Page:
|It’s Monday! What Are You Reading is hosted by Sheila at BookJourney|
|Nonfiction Monday is hosted by Anastasia Suen at Booktalking
I read Lions of Little Rock over the course of two days – it was really hard to put this book down! Kristin Levine’s story about inter-racial friendship at the height of the Civil Rights movement in the city where so many important Civil Rights issues were confronted and fought bitterly over, is an amazing experience. I think every middle school library should have this book, and I have already put my order in for five copies so that this can be a historical fiction selection during that genre study next year. The characters, even the secondary ones, are so finely drawn and compelling. And never once does the author get carried away with the “lessons” of the story – she lets the power and realism of the story carry the reader through the narrative. I can’t wait to share this with my kids in the next school year.
Huerta is the kind of real life hero our kids need to read about. As a “teacher, a mother, and a friend” she sees the plight of migrant workers and their families and “wants to know why her students are hungry, and why they don’t have shoes to wear to school.” As a “warrior, an organizer, and a peacemaker,” she decides to stand up for their rights and raise awareness about this injustice. The focus of this picture book is not just on Huerta’s determination to create positive change, but also on the way in which she brings people together so that they can be empowered to affect change.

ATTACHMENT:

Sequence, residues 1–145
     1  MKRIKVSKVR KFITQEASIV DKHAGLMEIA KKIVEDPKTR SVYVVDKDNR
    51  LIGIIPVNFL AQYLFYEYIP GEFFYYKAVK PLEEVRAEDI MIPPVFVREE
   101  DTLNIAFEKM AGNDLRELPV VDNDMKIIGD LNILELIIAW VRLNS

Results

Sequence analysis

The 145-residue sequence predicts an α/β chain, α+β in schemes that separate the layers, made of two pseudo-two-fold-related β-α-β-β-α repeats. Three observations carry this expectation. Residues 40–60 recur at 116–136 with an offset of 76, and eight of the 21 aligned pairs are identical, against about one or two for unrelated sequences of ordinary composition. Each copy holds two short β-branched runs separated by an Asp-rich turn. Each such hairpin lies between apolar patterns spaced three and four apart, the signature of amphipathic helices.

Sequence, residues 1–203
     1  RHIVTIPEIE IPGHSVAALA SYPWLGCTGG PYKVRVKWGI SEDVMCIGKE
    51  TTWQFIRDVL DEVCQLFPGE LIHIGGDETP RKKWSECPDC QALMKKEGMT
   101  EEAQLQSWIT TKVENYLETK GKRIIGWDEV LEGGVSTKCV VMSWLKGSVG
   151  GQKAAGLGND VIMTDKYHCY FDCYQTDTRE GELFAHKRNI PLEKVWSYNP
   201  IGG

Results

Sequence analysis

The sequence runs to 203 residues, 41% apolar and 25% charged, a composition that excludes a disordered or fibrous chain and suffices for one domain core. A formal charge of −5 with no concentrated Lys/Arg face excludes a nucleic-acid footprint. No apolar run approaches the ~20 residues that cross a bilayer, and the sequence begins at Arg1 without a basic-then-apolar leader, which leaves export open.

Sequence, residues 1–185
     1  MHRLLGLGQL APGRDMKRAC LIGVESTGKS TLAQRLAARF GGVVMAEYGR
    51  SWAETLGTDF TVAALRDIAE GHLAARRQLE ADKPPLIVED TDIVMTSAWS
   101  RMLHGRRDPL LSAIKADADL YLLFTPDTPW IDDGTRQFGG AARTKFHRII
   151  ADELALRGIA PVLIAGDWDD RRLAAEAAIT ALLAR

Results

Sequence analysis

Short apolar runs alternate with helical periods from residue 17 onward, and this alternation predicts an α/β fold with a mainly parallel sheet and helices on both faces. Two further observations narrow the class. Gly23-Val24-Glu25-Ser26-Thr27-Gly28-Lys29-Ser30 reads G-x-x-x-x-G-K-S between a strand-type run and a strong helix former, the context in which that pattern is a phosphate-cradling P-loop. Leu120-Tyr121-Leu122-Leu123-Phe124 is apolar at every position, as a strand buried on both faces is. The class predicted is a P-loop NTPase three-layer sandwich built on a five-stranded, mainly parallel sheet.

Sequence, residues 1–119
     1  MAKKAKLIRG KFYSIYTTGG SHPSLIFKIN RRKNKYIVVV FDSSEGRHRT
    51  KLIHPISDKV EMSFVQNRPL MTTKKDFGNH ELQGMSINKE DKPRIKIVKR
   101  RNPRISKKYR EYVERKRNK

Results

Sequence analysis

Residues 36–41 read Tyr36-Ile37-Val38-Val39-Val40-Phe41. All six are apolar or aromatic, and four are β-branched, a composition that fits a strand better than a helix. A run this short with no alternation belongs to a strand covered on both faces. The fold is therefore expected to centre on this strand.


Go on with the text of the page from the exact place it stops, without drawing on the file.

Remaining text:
Here Dolores speaks about what motivated her to begin her work:
For her work, Huerta was awarded the 2011 Medal of Freedom, and she speaks eloquently about her life’s work here:
Finally, I’ve begun all the professional reading I’d set aside for the summer. First, I’m participating in a Google Group discussion of Penny Kittle’s Write Beside Them – a teacher-written guide to high school writing workshop. We’re taking this a few chapters at a time, and I find that this is a wonderful forum for meaningful professional development – it’s great to be able to share ideas and raise questions together.
I’m also reading Pathways to the Common Core by Lucy Calkins, Mary Ehrenworth and Christopher Lehman. This guide to the CCSS is refreshingly clearly laid out, sensible and optimistic. Before I begin looking at my curricular map for next year, I want to really educate myself about the CCSS, and I love the way this book goes about allowing me to do so. I wish I had thought to start a Google Discussion group or something about this title as well….this is a book that needs to be digested slowly and talked over, too! Oh well….